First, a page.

U.S. Stocks Rise Despite Weaker Job Report

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By MATTHEW CRAFT, Associated Press

NEW YORK (AP) — The stock market shook off a shaky start and moved higher Thursday after a tame inflation reading and another weak jobs report raised expectations that the Federal Reserve may be moving closer to another round of stimulus measures for the U.S. economy.

Applications for unemployment benefits applications rose 6,000 last week, more than economists had forecast. The four-week average also rose for the third straight week to 382,000, another sign that the jobs market remains weak.

[Read: World Stocks Struggle As Crisis Fears Weigh.]

The government also reported that the main measure of U.S. consumer prices fell in May by 0.3 percent, the biggest drop since December 2008. Analysts said the slowdown in overall price increases could make it more likely that the Fed will announce some new steps to boost the economy when it meets next week.

"Ultimately, all that matters for investors right now is whether these developments mean the Federal Reserve is more or less likely to ease policy in order to support what they may see as an insufficiently strong economic recovery," said Dan Greenhaus, chief global strategist at the brokerage BTIG, in a note to clients.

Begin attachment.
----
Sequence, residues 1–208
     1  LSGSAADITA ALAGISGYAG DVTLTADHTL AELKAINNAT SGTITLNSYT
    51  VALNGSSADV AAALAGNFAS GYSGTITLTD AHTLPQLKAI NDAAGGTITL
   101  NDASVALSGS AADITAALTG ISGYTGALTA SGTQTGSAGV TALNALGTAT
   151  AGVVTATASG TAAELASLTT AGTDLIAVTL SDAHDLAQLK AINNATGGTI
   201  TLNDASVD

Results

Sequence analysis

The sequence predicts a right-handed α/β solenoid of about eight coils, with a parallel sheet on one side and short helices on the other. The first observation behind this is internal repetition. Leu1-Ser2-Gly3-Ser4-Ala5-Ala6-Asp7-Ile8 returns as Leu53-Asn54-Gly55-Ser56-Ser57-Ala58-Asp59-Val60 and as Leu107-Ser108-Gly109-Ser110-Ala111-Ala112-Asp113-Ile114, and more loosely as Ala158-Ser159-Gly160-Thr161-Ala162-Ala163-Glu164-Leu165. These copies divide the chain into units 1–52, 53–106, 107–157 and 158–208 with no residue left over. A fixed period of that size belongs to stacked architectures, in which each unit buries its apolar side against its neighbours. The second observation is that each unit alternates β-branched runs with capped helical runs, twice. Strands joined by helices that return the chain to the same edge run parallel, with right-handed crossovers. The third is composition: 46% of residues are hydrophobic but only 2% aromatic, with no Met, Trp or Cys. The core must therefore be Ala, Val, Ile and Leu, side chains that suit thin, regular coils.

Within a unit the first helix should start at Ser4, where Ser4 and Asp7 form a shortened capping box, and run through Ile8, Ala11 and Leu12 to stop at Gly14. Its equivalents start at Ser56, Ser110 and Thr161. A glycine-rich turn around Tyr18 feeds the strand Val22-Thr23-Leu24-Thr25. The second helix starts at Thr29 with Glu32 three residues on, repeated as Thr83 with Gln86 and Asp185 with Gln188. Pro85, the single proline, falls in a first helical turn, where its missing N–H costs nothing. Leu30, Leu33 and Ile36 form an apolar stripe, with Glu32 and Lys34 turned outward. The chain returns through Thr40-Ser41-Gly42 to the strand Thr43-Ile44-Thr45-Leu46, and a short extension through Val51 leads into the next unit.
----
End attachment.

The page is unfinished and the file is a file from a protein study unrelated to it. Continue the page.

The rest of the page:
An hour after the opening bell, the Dow Jones industrial average rose 80 points to 12,576. Home Depot rose 2 percent, the most of the 30 stocks in the Dow.

The gains were broad. Nine of the 10 industry groups in the S&P 500 rose and three stocks rose for every two that fell on the New York Stock Exchange.

The Standard & Poor's 500 rose 8 points to 1,322. The Nasdaq composite gained 10 points to 2,828.

In Europe, borrowing rates for Spain touched a record high Thursday after the rating agency Moody's cut its credit rating to one notch above junk status. Spain's benchmark 10-year bond hit 6.96 percent.

Among stocks making big moves:

— Nokia plunged 15 percent, or 43 cents, to $2.36. The cellphone maker cut its earnings forecast and announced plans to cut $2 billion in costs by the end of next year. Nokia said it will close its main manufacturing plant in Finland, shutter research facilities in Germany and Canada and lay off 10,000 employees.

[Read: Hope for Fed Help Powers Stocks to Big Gain.]

— Kroger rose 0.7 percent after the grocery store chain raised its profit forecast for the year. The Cincinnati-based company, which operates Ralphs, Food 4 Less and other grocery stores, also announced it will spend $1 billion to buy back its stock. Kroger's stock gained 76 cents to $22.04.

— Winnebago Industries reported that its quarterly profit more than tripled, mainly because of higher prices for its vehicles. The results topped analysts' expectations. Winnebago's stock rose 4 percent, or 40 cents, to $9.37.

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